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Official Journal of the Japan Wood Research Society

Sensory irritations and pulmonary effects in human volunteers following short-term exposure to pinewood emissions

Abstract

Pinewood (Pinus ssp.) is widely used for furniture and building purposes. However, despite its widespread use, information on possible human sensory irritations and pulmonary effects caused by exposure to volatile organic compounds (VOC) emitted from pinewood is sparse. For this purpose, (1) sensory irritation of eyes, nose and throat, (2) lung function parameters (FVC, FEV1), (3) exhaled nitrogen oxide (NO) concentration, (4) eye blink frequency, and (5) sensory evaluation (using the SD method) were investigated before, after, and partly during exposure of human volunteers to emissions from pinewood panels. Fifteen healthy nonsmokers were exposed for 2 h under controlled conditions to VOCs emitted from pinewood panels in a 48 m3 test chamber. VOC concentrations were about 5 mg/ m3 (loading rate, 1 m2/m3), 8 mg/m3 (loading rate, 2 m2/m3), and 13 mg/m3 (loading rate, 3 m2/m3), respectively. Terpene and aldehyde exposure concentrations ranged from about 3.50 ± 0.51 mg/m3 and 0.07 ± 0.008 mg/m3, 5.00 ± 0.95 mg/ m3, and 0.20 ± 0.02 mg/m3 or 9.51 ± 1.10 mg/m3 and 0.21 ± 0.04 mg/m3 for loading rates of 1, 2, and 3 m2/m3, respectively. The emissions consisted predominantly of α-pinene and δ3-carene. No concentration-dependent effects before or after exposure to the emissions were measured with respect to sensory irritation, pulmonary function, exhaled NO, and eye blink frequency. Only the odor of the emissions was perceived by the study subjects, rated as being closer to “pleasant” than to “unpleasant.” In conclusion, the results of our study suggest that short-term exposure to high VOC concentrations, even up to 13 mg/m3, released from pinewood does not elicit sensory irritation or pulmonary effects in healthy humans under controlled conditions.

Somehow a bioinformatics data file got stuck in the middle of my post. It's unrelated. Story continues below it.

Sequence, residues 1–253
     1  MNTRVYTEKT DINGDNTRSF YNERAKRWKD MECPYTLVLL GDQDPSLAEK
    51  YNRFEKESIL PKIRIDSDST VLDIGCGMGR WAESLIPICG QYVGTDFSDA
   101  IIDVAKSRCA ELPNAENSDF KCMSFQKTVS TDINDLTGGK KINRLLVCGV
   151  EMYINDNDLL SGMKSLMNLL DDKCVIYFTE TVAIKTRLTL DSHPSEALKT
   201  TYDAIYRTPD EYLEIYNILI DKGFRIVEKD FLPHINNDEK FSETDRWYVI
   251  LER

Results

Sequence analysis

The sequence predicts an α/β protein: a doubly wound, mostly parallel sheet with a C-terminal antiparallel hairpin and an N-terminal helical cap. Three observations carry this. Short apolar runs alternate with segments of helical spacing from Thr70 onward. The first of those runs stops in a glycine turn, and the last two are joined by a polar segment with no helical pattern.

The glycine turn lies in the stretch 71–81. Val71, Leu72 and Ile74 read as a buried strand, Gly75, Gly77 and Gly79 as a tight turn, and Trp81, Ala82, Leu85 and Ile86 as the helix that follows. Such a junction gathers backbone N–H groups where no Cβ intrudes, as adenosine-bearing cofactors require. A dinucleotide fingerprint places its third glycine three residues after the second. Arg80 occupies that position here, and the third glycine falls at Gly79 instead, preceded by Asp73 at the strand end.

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Gminski, R., Marutzky, R., Kevekordes, S. et al. Sensory irritations and pulmonary effects in human volunteers following short-term exposure to pinewood emissions. J Wood Sci 57, 436–445 (2011). https://doi.org/10.1007/s10086-011-1182-1

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Key words

  • Pinewood emissions
  • VOC
  • Terpenes
  • Sensory irritation
  • Pulmonary